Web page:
According to another embodiment, the present invention is a method for monitoring performance in a communication system, the method comprising the steps of: (A) generating one or more samples of an optical autocorrelation function corresponding to an optical signal of the communication system; and (B) characterizing an impairment in the optical signal based on the one or more samples.
Other aspects, features, and advantages of the present invention will become more fully apparent from the following detailed description, the appended claims, and the accompanying drawings in which:
Reference herein to “one embodiment” or “an embodiment” means that a particular feature, structure, or characteristic described in connection with the embodiment can be included in at least one embodiment of the invention. The appearances of the phrase “in one embodiment” in various places in the specification are not necessarily all referring to the same embodiment, nor are separate or alternative embodiments mutually exclusive of other embodiments.
Optical Performance Monitor
In one embodiment, OEM 202 comprises a splitter 212, an optical autocorrelator (OAC) 214, and a power detector (PD) 216. Splitter 212 splits signal 200 into two optical signals applied to OAC 214 and PD 216, respectively. In a preferred implementation, the most of signal 200 (e.g., 99%) is directed to OAC 214 while only a small fraction (e.g., 1%) is directed to PD 216. In one embodiment, PD 216 may be a relatively slow photodetector configured to generate an electrical signal proportional to the average optical power of signal 200. That electrical signal is output from OEM 202 to SPM 204.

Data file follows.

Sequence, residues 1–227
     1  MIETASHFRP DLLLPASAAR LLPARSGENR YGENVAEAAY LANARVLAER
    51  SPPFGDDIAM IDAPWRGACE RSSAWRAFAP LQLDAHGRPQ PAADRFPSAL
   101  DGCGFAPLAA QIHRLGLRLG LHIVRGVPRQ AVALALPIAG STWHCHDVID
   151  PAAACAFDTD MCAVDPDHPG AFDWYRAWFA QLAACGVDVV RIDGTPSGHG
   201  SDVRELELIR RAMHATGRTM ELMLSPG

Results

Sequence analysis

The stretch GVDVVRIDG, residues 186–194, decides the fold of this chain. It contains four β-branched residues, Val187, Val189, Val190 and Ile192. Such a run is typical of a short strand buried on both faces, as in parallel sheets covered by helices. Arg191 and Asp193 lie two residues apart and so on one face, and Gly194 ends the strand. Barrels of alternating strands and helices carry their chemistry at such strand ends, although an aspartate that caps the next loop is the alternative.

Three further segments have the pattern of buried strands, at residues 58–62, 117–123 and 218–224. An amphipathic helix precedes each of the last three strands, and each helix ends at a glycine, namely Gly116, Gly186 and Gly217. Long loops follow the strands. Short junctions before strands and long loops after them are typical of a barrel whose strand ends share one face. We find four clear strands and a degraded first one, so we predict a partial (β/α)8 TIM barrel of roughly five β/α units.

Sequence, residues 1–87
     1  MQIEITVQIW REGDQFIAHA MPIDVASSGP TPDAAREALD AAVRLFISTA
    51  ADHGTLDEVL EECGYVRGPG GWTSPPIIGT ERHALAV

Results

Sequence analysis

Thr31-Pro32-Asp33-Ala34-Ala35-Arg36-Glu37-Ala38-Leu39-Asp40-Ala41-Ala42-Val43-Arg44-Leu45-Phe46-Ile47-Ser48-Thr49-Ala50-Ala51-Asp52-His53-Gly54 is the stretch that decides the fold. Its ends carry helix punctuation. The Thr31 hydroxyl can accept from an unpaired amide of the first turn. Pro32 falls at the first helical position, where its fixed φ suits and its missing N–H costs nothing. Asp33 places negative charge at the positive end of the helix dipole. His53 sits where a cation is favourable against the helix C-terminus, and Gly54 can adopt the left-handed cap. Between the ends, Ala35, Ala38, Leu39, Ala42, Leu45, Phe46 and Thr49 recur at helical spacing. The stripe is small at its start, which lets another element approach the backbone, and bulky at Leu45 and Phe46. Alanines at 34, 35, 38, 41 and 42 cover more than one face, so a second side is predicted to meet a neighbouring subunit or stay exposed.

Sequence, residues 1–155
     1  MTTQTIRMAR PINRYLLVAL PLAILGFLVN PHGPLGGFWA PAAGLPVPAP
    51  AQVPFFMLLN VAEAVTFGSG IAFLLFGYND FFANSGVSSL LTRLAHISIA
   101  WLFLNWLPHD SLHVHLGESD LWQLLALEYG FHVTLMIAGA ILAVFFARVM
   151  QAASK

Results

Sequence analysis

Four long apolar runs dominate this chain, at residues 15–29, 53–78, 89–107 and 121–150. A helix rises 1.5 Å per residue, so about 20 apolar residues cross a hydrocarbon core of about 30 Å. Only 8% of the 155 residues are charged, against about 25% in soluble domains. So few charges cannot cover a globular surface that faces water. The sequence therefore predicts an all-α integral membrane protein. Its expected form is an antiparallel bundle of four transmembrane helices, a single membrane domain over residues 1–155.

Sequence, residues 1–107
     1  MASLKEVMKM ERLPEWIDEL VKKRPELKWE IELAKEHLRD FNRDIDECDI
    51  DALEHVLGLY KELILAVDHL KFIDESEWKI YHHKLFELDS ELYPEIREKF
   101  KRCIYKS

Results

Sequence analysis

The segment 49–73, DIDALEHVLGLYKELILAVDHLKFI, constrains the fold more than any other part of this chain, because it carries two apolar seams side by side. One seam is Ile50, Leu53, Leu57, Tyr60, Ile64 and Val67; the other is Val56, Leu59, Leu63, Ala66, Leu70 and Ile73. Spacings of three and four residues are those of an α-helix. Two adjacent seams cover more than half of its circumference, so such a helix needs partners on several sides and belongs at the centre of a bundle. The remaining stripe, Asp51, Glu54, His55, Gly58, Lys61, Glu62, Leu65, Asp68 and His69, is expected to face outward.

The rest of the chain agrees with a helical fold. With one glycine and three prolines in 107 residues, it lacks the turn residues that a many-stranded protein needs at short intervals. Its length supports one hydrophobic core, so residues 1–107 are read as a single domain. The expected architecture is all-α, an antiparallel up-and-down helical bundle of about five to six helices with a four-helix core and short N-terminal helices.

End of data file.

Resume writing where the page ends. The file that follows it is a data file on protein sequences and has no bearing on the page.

OAC 214 is configured to measure an optical autocorrelation function of signal 200. In general, an autocorrelation function, A(t), of a time-dependent function, S(τ), may be expressed by Equation (1), as follows:
A(t) is obtained by multiplying S(τ) by its copy delayed by a time interval (t, delay period). A(t) may be sampled using a set of delay periods. Depending on the application, different selected numbers of samples may be used to represent A(t). In one embodiment, OAC 214 is configured to sample the autocorrelation function of signal 200 in N points, where N≧1. OAC 214 is further configured to output an electrical signal corresponding to the N sampled points to SPM 204 for further processing. Further description of various embodiments of OAC 214 is given below in the context of
Referring again to